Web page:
The Kingdom of Saudi Arabia has announced that women will be allowed to enter three sporting stadiums across the region.
This is a landmark decision as historically only men have been permitted within those premises.
The Kingdom of Saudi Arabia is one of the most powerful players of the Arab world. It is an oil dependent nation with the second-largest proven petroleum reserves and the largest exporter of petroleum. It is the largest economy in the Arab world. The Al Saud dynasty holds a monopoly of political power. Saudi Arabia was established in 1932 by King Abd-al-Aziz and he has been succeeded by various sons.
The region, while economically developed, is also accused of violating human rights. The country follows the Wahhabi interpretation of Islamic law which dictated harsh punishments including public beheadings for a range of crimes. This has been criticized by international rights organisations.
It is considered as one of the most oppressive countries for women. It has been reported that Saudi Arabian women must have male guardians at all times to make critical decisions on their behalf. This has been unofficially imposed for several years. In April 2017, Saudi Arabia’s King Salman issued an order to all government agencies that women should not be denied access to government services because they do not have a male guardian’s consent unless specific rules require a male guardian. Currently, women can’t marry, divorce, travel, open a bank account, get a job or have elective surgery without permission from their male guardians.
In 2017, the Kingdom of Saudi Arabia has introduced a number of new reforms aimed at easing regulations placed against women. This has been largely attributed to Crown Prince Mohammad bin Salman. In 2016, he detailed Saudi Vision 2030 that introduced his agenda of modernizing the nation. It was also a plan to reduce Saudi Arabia's dependence on oil, diversify its economy, and develop public service sectors such as health, education, infrastructure, recreation, and tourism.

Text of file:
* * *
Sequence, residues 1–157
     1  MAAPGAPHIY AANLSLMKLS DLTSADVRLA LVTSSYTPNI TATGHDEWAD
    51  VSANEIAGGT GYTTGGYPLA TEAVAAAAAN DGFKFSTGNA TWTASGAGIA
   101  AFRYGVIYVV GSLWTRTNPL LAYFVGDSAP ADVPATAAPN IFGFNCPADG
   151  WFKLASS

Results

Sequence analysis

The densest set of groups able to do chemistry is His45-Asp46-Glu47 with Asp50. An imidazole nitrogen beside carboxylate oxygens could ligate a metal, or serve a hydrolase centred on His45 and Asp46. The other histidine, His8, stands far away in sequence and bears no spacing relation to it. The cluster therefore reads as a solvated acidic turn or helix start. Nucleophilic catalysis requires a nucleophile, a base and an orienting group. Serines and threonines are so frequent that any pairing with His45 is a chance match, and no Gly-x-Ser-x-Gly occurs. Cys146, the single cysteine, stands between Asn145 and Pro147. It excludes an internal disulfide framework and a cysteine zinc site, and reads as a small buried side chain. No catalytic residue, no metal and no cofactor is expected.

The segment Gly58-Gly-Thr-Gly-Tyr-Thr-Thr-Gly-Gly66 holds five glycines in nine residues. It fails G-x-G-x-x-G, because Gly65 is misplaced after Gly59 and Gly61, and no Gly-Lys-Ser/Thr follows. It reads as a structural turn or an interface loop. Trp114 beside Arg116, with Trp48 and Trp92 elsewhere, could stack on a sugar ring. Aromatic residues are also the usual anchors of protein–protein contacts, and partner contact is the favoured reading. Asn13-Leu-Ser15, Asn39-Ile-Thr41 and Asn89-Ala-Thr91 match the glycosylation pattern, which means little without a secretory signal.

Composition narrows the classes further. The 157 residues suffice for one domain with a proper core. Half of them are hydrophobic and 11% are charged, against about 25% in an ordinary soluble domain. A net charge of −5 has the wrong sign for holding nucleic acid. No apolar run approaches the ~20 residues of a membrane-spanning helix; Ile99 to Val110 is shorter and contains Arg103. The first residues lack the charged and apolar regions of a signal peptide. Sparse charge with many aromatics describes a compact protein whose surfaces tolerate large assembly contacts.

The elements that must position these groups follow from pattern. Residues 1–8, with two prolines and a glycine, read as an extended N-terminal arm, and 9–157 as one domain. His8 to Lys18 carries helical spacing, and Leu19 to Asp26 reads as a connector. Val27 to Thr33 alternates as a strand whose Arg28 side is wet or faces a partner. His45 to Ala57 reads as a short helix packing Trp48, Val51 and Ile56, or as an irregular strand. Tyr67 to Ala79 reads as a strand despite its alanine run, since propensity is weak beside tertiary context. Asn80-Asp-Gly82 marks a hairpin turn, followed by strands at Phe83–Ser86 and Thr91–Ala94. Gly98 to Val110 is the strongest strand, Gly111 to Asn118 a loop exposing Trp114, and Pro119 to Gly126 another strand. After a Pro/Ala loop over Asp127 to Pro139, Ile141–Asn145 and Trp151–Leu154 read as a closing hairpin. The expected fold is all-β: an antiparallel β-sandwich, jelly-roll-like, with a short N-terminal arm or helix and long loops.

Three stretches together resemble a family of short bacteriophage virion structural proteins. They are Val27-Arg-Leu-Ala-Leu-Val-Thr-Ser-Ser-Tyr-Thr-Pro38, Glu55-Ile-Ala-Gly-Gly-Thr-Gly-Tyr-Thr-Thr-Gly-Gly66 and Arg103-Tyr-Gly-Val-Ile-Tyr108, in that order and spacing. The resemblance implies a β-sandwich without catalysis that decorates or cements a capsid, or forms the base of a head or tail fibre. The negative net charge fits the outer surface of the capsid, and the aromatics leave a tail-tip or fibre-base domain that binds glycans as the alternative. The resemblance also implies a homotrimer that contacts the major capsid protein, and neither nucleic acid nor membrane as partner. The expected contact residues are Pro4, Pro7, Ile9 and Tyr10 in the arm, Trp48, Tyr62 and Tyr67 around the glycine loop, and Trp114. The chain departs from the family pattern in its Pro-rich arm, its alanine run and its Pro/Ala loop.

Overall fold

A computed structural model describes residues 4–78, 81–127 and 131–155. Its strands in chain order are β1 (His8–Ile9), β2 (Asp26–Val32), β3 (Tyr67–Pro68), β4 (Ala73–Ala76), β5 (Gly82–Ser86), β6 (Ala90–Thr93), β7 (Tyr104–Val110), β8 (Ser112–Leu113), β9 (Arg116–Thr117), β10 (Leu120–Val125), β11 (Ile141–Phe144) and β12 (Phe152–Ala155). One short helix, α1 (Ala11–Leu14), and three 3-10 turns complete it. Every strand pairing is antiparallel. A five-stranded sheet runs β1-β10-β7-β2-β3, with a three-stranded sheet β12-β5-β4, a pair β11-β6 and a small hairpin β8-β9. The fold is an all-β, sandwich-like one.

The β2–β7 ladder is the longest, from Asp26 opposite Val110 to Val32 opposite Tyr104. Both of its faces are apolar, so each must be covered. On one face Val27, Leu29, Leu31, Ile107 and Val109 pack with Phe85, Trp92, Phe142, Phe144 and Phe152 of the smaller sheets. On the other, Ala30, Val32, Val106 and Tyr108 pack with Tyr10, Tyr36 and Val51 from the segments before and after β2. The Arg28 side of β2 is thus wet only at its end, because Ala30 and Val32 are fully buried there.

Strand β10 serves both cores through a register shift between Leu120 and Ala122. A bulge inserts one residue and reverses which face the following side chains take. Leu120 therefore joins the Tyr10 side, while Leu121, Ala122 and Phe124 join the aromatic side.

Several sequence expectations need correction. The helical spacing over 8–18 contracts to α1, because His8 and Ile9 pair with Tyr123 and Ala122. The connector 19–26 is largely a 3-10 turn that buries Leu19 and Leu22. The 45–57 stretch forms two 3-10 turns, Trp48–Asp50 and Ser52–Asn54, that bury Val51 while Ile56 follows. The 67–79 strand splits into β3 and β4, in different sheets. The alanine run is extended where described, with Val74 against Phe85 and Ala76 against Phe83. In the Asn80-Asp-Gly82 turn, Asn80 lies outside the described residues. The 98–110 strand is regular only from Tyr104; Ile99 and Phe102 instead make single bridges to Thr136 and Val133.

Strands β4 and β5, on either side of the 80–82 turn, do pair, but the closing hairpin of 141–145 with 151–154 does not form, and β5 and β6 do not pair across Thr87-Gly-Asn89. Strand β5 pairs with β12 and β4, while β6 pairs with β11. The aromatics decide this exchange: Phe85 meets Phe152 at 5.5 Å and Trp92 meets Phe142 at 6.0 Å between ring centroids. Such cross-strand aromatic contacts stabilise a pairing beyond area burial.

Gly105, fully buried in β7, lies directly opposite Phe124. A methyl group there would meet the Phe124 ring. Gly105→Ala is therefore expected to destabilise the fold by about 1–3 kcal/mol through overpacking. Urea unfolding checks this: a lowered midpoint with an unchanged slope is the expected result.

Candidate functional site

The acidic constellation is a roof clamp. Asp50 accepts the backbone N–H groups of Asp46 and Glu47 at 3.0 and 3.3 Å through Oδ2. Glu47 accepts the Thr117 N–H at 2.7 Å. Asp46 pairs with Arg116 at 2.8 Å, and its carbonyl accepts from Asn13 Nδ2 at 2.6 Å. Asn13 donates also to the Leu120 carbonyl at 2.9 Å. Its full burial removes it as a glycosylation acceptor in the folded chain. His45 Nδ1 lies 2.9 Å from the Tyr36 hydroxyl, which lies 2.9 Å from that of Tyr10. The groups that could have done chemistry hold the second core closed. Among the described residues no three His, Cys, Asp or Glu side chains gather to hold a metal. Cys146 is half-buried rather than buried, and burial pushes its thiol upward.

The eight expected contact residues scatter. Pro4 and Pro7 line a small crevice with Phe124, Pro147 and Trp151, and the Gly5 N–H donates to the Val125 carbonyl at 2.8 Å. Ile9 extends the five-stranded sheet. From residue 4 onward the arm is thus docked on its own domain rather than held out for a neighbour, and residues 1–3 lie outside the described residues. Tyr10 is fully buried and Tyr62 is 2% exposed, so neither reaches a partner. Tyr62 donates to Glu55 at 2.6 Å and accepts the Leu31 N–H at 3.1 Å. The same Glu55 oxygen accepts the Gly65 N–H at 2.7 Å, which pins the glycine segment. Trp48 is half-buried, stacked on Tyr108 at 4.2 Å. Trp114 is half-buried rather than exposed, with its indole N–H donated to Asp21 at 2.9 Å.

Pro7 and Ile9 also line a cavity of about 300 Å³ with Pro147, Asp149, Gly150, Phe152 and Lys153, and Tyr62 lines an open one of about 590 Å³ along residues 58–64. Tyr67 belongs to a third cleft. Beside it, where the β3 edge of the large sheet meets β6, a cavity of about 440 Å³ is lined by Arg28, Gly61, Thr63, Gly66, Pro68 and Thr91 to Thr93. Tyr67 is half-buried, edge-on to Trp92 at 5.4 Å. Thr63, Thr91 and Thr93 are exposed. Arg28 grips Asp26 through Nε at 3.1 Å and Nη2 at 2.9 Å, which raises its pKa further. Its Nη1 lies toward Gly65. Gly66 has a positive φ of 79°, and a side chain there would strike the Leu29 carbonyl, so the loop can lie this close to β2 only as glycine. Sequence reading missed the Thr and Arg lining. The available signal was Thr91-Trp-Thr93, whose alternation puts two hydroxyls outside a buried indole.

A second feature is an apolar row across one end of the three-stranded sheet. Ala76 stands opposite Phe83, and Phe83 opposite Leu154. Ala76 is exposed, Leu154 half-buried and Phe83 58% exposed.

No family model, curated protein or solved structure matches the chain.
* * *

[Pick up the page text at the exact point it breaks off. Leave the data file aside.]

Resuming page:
In September 2017, Saudi Arabia lifted its ban on female drivers in the country. Earlier, women were not allowed to have their own licenses or drive their cars. In October 2017, Prince Salman sent a warning to the more conservative clerics in the nation by noting that he would usher the Kingdom back to “moderate Islam.” He said, “What happened in the last 30 years is not Saudi Arabia. What happened in the region in the last 30 years is not the Middle East. After the Iranian revolution in 1979, people wanted to copy this model in different countries, one of them is Saudi Arabia. We didn’t know how to deal with it. And the problem spread all over the world. Now is the time to get rid of it. We are simply reverting to what we followed – a moderate Islam open to the world and all religions.” Click here for an in-depth overview of his speech.
In September 2017, Saudi Arabia for the first time allowed women into the national stadium. The stadium was hosting a number of concerts and performances to mark the 87th anniversary of the Kingdom’s founding.
In yet another move to embrace a more progressive outlook, the Kingdom of Saudi Arabia has announced that women will be allowed to enter three sporting stadiums across the region. This is yet another landmark decision as these venues only allowed men to enter. “Starting the preparation of three stadiums in Riyadh, Jeddah and Dammam to be ready to accommodate families from early 2018,” the General Sports Authority said on Twitter. Restaurants, cafes and video screens would be set up inside the venues, the authority added.
Not all experts are convinced that these reforms will continue to take place without a fight from conservatives in the region – especially the clerics. “Despite the bold statements, it is important to remember that the dominance of conservative thought since the late 1970’s cannot be quickly reversed,” said analysis firm Eurasia Group. “Ultraconservative and radical elements continue to pose risks.” In 2016, the Kingdom issued new rules for the religious police and they no longer have the right to arrest people.
The announcement will also likely have ramifications with the large expat Indian community in Saudi Arabia. Indians are the largest community of expatriates in Saudi Arabia. Between then and April 2016, 500,000 Indians moved to Saudi Arabia for employment. As of 203, there were 20 lakh Indians residing in the region.
Our assessment is that the new leadership in Saudi Arabia has probably realized that if wants to continue attracting foreign investors, then it must make social progress as well. The new rules will also improve the quality of life among the nation’s expats – of which Indians form the biggest bloc.